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19 June 2020 | in Summer FISU World University Games

Spotlight: Remembering the Kobe 1985 Summer Universiade

Take a trip back through 60 years of Universiade history. The 24th stop on FISU's Universiade history tour takes us to the cosmopolitan port city for Japan’s second time hosting the Summer Universiade.

Kobe 1985 highjump

Kobe took the baton from Edmonton as host of the Summer Universiade in 1985 to stage a World University Games that helped shape the model for international sporting events as we know it.

 

After the political current forced some major nations into boycotting the 1980 and 1984 Summer Olympics, the sports world reunited for the 13th edition of the Universiade with a record 106 countries turning up in the western Japanese port city.

 

Kobe 1985 ceremonyThe Japanese imperial family strongly supported the Universiade, with then Crown Prince and honorary patron Akihito declaring the Games open before a full house at the Kobe Universiade Memorial Stadium, one of the numerous construction projects built in and around the city for the Games – with an eye to bringing the Olympic Games to Kobe in the future.

 

Close to 2,800 athletes participated at the Kobe Universiade – of which 291 were from the host nation, then a Japanese record – and the quality of the competition did not disappoint the spectators who showed up in droves for the first Universiade to be held in Japan since Tokyo 1967.

 

The level of the swimming events was particularly high as the likes of Matt Biondi (United States), Michael Gross (West Germany) and Jon Sieben (Australia) turned up the heat. Eight-time Olympic champion Biondi set a world record in the men’s 100-meter freestyle, one of 20 Universiade records rewritten in the pool at these Games.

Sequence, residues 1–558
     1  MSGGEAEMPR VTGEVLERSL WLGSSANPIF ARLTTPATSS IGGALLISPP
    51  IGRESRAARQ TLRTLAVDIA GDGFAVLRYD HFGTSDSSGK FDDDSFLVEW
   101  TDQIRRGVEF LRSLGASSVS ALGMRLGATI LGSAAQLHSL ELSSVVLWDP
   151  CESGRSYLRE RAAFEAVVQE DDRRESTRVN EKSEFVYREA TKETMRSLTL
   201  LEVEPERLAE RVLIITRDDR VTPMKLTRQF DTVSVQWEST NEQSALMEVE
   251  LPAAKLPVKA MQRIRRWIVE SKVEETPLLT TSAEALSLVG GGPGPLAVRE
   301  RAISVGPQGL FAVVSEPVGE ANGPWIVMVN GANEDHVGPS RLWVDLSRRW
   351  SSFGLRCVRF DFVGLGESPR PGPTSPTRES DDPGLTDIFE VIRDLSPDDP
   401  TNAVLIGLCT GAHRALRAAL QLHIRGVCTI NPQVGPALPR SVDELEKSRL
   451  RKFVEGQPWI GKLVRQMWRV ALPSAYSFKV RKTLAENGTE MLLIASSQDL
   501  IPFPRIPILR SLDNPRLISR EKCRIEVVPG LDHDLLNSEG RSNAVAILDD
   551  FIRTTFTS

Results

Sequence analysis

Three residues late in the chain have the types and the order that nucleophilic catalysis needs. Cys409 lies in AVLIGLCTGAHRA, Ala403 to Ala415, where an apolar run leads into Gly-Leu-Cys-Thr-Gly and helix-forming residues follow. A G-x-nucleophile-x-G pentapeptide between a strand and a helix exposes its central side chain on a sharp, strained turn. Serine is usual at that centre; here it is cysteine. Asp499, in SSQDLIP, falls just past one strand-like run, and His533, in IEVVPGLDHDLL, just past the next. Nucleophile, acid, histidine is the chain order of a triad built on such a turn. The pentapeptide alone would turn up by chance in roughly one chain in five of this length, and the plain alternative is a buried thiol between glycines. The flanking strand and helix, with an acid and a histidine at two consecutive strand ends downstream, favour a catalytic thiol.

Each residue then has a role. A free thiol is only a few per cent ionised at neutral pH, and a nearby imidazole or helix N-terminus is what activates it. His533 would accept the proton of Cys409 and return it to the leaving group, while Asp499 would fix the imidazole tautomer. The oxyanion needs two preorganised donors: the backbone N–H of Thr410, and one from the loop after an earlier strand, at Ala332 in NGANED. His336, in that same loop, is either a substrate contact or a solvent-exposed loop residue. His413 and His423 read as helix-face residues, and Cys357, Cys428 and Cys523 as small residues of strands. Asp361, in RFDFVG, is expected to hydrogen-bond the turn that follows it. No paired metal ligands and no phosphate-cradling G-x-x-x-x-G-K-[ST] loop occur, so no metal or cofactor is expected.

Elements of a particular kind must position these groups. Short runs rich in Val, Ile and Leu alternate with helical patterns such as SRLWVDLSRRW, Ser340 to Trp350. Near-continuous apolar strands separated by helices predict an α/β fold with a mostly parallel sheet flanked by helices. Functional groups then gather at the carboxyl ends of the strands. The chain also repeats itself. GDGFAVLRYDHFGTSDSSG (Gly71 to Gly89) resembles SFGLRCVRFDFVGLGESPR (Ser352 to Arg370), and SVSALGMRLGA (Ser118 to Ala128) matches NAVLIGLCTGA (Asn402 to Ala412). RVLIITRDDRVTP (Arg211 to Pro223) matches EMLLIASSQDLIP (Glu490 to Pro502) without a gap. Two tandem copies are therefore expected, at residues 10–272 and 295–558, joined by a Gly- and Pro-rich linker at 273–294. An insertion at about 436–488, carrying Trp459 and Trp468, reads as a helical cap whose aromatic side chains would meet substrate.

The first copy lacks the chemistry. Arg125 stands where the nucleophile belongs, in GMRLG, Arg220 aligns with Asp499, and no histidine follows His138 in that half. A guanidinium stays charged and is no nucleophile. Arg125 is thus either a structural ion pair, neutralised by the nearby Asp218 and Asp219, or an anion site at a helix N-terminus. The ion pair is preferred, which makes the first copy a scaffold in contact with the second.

Kobe 1985 wrestling

The Soviet Union once again topped the medal standings ahead of the United States with Japan placing sixth on the table after collecting six gold medals, two of them coming from the men and women’s volleyball teams. The Soviets, featuring hoops legend Arvydas Sabonis, edged the Americans in a tense men’s basketball final for one of their 42 golds.

 

Football joined the Universiade programme in Kobe, with the Democratic Republic of North Korea surprisingly holding off Uruguay for the inaugural title. Judo, meanwhile, was an optional discipline in Kobe and the Japanese martial art made its case as an essential university sport.

 

The greatest legacy from this Universiade may have been the extensive cultural programmes that were organised. Involving 70 countries, the programmes were so well-received that they would eventually become a staple at virtually all future major sporting events.

1985 Kobe Universiade programme